Arthur is a PhD Candidate in Political Theory at Magdalene College, Cambridge. The aim of his doctoral dissertation is to determine how French political thinkers such as Benjamin Constant (1767-1830) and Alexis de Tocqueville (1805-1859) attempted to reconcile liberalism with Christianity on the basis of the conviction that religion can positively contribute to the life of the polis. His research is jointly funded by the Arts and Humanities Research Council, the Cambridge Trust and the Department of Politics and International Studies (POLIS).
Arthur holds a a dual BA in Law and Philosophy from Université Saint-Louis, Brussels (2011), a two-year master in Law from Université Catholique de Louvain (2013), an MA in Philosophy from KU Leuven (2014) and an MSc in Political Theory from LSE (2015). He has worked as an intern for several law firms, a newspaper as well as for the Belgian Federal Public Service Foreign Affairs.
His research interests include politics and religion in modern political thought, political theology, theories of secularisation and the Christian heritage of Europe.
News & Events
26th Sep 2017
CIRIS Graduate Research Associate Margot Dazey has been awarded a Fox International Fellowship to spend the year at Yale University. Fox Fellows are selected for their potential to offer practical solutions to the problems which stand in the way of the world’s peace and prosperity. Hosted at the MacMillan Center for International and Area Studies, […]
13th Jul 2017
13 July 2017 – CIRIS Graduate Research Associate Tobias Müller recently contributed a chapter in a report on Muslims in the UK and Europe published by the Centre for Islamic Studies at Cambridge University. Müller’s chapter, ‘Constructing Islam and Secularism in the German Islam Conference,’ argues that beyond the intentions expressed by government officials, the aims of the […]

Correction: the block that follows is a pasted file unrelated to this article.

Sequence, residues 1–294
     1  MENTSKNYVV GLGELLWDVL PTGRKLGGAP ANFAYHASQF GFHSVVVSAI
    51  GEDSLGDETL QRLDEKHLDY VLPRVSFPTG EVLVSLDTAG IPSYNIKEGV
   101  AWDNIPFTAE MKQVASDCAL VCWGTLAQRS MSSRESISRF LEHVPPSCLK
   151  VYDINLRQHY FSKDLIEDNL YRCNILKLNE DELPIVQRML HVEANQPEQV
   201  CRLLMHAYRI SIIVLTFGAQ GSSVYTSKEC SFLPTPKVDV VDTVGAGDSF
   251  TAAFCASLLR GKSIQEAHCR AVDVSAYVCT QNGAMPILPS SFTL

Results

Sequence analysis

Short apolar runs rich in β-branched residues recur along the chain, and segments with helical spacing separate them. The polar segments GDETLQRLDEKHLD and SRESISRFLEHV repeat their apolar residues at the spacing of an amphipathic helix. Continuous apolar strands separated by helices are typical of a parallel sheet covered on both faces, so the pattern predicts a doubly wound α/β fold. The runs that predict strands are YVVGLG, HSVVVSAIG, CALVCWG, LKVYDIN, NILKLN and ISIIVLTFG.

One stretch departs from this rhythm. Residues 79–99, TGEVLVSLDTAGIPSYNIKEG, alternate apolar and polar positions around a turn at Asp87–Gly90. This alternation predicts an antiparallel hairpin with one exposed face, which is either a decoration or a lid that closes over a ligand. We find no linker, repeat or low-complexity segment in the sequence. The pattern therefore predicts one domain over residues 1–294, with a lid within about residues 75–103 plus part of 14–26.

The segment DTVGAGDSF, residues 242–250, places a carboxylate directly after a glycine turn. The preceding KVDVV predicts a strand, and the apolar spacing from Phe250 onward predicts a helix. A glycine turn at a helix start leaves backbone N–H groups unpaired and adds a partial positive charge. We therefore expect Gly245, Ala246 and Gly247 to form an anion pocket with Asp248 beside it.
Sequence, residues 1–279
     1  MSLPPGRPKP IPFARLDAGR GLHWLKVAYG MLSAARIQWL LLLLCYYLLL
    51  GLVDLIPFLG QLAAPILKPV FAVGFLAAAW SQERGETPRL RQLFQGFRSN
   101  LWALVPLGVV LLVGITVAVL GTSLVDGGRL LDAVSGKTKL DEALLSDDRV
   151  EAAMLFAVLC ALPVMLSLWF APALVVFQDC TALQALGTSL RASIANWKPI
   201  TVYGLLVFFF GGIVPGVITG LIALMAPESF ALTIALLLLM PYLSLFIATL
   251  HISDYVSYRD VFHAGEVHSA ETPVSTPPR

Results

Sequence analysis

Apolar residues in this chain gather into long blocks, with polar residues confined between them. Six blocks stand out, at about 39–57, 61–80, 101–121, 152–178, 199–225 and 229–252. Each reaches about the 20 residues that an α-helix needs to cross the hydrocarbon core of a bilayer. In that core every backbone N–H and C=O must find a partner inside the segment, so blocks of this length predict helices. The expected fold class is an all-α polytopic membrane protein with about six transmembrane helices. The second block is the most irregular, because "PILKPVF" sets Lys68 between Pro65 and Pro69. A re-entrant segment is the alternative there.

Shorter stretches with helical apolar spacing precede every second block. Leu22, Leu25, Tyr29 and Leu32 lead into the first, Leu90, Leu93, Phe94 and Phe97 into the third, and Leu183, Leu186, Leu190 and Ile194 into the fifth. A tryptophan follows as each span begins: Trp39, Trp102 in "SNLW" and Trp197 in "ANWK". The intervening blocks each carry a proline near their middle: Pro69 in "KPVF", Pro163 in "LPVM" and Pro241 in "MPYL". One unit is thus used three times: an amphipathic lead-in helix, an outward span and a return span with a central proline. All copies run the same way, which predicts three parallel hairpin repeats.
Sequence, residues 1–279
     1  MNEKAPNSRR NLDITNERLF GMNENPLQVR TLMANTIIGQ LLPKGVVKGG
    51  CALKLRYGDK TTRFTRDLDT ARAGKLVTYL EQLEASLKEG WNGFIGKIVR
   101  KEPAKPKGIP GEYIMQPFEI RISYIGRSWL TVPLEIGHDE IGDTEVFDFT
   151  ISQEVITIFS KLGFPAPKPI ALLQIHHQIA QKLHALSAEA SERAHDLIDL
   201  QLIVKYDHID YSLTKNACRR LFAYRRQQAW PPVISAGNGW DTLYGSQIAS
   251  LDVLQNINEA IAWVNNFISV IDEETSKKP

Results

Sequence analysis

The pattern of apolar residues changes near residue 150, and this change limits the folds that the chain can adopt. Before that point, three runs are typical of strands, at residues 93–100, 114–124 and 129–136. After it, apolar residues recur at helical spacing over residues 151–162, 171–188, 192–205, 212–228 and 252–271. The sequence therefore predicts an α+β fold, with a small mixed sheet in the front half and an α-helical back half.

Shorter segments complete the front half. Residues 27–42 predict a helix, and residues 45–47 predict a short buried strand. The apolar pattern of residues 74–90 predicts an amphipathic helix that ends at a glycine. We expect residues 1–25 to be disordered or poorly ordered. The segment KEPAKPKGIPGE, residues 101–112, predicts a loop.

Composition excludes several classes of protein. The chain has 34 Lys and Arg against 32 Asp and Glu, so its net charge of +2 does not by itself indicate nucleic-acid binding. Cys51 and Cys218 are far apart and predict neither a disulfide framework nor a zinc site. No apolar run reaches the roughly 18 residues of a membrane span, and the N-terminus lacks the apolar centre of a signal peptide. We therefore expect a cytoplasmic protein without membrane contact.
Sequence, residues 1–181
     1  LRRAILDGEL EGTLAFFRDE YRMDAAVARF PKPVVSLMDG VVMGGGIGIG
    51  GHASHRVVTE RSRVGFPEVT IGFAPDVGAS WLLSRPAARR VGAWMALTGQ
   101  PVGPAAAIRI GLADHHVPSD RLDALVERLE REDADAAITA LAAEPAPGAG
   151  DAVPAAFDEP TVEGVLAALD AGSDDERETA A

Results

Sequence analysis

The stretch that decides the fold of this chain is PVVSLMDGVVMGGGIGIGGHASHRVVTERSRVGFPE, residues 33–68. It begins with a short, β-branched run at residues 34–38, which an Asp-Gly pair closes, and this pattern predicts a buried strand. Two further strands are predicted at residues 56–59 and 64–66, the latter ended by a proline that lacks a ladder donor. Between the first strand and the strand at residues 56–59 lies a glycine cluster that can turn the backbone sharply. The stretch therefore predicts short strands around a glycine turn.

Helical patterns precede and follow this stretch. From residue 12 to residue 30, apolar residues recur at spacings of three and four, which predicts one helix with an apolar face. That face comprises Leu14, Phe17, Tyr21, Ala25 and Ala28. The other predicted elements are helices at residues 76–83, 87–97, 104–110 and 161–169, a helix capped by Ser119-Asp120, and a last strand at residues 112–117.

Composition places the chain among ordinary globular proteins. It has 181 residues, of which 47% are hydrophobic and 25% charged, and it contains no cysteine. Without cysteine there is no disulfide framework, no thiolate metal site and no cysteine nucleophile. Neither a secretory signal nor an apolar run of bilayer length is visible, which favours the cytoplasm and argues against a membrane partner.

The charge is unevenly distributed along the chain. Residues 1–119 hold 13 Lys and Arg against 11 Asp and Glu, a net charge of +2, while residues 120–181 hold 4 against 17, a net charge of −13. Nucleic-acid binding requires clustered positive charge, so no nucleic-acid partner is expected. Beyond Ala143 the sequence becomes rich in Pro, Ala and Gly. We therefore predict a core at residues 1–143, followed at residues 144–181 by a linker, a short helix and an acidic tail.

At CIRIS, we aim to equip students and scholars in Cambridge and beyond with a robust and nuanced appreciation for the role of religion in international politics that they will take with them into their future research and/or practice around the world. To this end, we host public lectures, academic seminars, and other events. We are also pursuing research projects that draw on the contributions of Cambridge-based academics.
We use our platform at Cambridge to influence the public conversation on matters of faith and politics—in the UK and around the world. CIRIS enjoys strong links to key governments, media outlets, religious groups, NGOs, civic leaders, and scholars. We want our website and social media platforms to provide a dynamic space for disseminating and discussing the contributions of our staff, associates, and partners.
CIRIS serves as the secretariat for the Transatlantic Policy Network on Religion and Diplomacy (TPNRD). We facilitate communication, coordination, and collaboration among this community of diplomats from Europe and North America who have a responsibility for religion-related issues within their respective foreign ministries. The work of the TPNRD secretariat is generously supported by the Henry Luce Foundation.
© 2017 Copyright, Cambridge Institute on Religion & International Studies
All rights reserved.